DOF insists inflation to stay manageable despite higher fuel tax

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While higher fuel taxes under House Bill (HB) 4774 or the proposed Tax Reform for Acceleration and Inclusion Act are inflationary, its impact on consumer prices will be manageable, the Department of Finance (DOF) said on Wednesday.

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“There are many concerns that this tax reform may increase prices. Our estimate is that if we account for the impact of higher diesel and gasoline on food, transportation, electricity and others, what we are actually seeing is only a moderate increase in inflation of 1.5 percentage point, on top of the current inflation rate of 1.8 percent,” Finance Secretary Karl Kendrick Chua said during a briefing by DOF officials on HB 4774 before the House Committee on Ways and Means.

Once the tax reform is implemented, inflation rate could settle at 3.3 percent this year and next–higher than the 1.8 percent average rate in 2016 but within the central bank’s 3 percent to 4 percent target for 2017 and 2018.

“This is still low and sustainable,” the DOF official said.

Chua pointed out that two past events–the value-added tax reform of 2005 and oil price shock price of 2011, during which prices exceeded $100 per barrel–showed that higher taxes, or a sudden increase in fuel prices did not lead to runaway inflation and the collapse of the economic.

“Today, we are proposing a far more moderate increase, a 10 percent increase in the excise tax. So we think that this is manageable, the economy can absorb, we have a strong economy, and the central bank can also manage inflation quite well,” he said.

Under the bill, the excise tax on petroleum products will increase every year starting 2017 to 2019, these include:

• Lubricating oils and greases, including the base stock for lube oils and greases, high vacuum distillates, aromatic extracts, and other similar preparations, and additives for lubricating oils and greases, whether such additives are petroleum based or not, per liter and kilogram, respectively, from P4.50 to P7 in 2017, P9 in 2018 and P10 in 2019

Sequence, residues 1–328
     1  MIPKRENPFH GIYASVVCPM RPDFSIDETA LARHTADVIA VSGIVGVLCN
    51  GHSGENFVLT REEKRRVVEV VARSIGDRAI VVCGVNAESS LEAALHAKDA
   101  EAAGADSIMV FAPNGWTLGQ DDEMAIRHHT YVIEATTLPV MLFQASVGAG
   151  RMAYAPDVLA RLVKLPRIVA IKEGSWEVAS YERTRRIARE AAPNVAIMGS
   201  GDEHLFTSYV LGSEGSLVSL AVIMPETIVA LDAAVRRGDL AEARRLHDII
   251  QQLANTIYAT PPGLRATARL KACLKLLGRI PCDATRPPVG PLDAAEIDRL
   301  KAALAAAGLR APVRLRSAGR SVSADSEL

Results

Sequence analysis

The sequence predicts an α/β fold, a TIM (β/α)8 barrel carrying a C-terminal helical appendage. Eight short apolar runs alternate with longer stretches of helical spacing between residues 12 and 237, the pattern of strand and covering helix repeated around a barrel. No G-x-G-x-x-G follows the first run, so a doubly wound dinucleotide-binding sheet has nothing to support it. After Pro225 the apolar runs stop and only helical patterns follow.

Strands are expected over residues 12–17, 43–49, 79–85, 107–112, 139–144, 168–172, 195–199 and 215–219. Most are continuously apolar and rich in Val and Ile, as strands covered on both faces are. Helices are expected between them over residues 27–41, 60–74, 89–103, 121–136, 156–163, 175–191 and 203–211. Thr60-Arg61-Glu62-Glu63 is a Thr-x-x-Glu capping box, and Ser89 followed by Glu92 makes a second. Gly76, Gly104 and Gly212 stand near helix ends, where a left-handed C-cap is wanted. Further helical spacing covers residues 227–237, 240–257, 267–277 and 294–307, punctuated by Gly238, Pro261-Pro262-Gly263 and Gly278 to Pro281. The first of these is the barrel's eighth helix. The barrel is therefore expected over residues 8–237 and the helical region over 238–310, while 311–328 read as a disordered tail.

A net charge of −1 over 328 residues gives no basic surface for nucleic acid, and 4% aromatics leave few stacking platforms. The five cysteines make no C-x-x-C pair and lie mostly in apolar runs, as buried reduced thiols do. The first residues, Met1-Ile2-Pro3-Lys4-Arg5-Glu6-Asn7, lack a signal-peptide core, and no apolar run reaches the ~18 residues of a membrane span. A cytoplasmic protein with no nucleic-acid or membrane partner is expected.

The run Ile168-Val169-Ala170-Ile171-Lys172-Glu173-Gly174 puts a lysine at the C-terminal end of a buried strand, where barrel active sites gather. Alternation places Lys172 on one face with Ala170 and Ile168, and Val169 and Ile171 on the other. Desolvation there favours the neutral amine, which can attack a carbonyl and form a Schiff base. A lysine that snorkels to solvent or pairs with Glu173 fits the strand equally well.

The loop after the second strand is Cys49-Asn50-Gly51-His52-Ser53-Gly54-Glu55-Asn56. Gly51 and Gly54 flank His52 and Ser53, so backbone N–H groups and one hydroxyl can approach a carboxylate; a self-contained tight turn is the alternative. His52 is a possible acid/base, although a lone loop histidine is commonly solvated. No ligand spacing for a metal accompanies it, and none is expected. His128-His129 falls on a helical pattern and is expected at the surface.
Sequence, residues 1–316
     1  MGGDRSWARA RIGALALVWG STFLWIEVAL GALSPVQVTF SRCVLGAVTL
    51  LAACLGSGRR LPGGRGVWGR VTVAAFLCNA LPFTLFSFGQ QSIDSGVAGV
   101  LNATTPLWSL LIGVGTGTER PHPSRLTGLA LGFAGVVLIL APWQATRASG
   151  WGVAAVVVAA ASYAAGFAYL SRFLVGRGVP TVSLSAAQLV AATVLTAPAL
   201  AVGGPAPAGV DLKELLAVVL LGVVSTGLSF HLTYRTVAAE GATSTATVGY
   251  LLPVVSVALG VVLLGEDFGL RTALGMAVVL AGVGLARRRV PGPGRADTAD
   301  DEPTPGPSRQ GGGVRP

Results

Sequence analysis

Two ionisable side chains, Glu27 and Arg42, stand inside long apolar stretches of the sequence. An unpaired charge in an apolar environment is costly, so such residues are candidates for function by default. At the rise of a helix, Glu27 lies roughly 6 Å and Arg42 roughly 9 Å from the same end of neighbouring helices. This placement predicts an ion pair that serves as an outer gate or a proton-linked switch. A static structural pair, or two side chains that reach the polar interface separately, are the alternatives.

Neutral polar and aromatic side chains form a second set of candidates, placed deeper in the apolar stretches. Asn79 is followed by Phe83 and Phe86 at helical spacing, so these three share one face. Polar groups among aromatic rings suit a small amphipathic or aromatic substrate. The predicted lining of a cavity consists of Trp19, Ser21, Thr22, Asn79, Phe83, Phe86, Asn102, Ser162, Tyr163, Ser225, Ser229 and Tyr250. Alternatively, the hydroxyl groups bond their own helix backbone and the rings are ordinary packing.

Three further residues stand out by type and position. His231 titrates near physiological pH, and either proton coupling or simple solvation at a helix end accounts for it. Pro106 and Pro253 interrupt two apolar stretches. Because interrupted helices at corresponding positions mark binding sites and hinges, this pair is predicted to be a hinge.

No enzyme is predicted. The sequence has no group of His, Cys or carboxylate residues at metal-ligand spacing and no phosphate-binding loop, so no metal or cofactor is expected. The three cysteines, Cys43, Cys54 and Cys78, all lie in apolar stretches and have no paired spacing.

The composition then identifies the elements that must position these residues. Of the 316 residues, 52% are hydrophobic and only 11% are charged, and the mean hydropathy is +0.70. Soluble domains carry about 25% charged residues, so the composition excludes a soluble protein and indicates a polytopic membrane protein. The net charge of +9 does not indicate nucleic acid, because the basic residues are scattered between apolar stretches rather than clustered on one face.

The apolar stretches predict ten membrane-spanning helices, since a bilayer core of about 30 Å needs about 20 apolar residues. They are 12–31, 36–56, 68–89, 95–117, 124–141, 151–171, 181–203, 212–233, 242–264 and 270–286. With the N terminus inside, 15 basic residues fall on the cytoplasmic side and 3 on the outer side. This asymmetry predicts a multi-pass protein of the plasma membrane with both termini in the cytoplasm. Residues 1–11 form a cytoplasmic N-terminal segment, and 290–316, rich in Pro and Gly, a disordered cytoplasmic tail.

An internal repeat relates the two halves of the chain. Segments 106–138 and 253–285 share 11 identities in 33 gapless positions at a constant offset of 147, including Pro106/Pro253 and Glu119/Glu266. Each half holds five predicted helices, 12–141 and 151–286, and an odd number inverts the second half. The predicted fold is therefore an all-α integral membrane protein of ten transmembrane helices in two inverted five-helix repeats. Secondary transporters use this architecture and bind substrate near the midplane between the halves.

• Processed gas, per liter, from P0.05 to P3 in 2017, P5 in 2018 and P6 in 2019

• Waxes and petrolatum, per kilogram, from P3.50 to P7 in 2017, P9 in 2018 and P10 in 2019

• Denatured alcohol to be used for motive power, per liter, from P0.05 to P3 in 2017, P5 in 2018 and P6 in 2019

• Naphtha, regular gasoline and other similar products of distillation, per liter, from P4.35 to P7 in 2017, P9 in 2018 and P10 in 2019;

• Leaded premium gasoline, per liter, from P5.35 to P7 in 2017, P9 in 2018 and P10 in 2019; unleaded premium gasoline, per liter, from P4.35 to P7 in 2017, P9 in 2018 and P10 in 2019

• Aviation turbo jet fuel, per liter, from P3.67 to P7 in 2017, P9 in 2018 and P10 in 2019

• Kerosene, per liter, from P0.00 to P3 in 2017, P5 in 2018 and P6 in 2019

• Diesel fuel oil, and on similar fuel oils having more or less the same generating power, per liter, from P0.00 to P3 in 2017, P5 in 2018 and P6 in 2019

• Liquefied petroleum gas, per liter, from P0.00 to P3 in 2017, P5 in 2018 and P6 in 2019
Asphalts, per kilogram, from P0.56 to P3 in 2017, P5 in 2018 and P6 in 2019

• Bunker fuel oil, and on similar fuel oils having more or less the same generating power, per liter, from P0.00 to P3 in 2017, P5 in 2018 and P6 in 2019

“We have to bear in mind that this is still a moderate oil price regime at $50 per barrel, compared to the peak of over a hundred five years ago,” Chua said.

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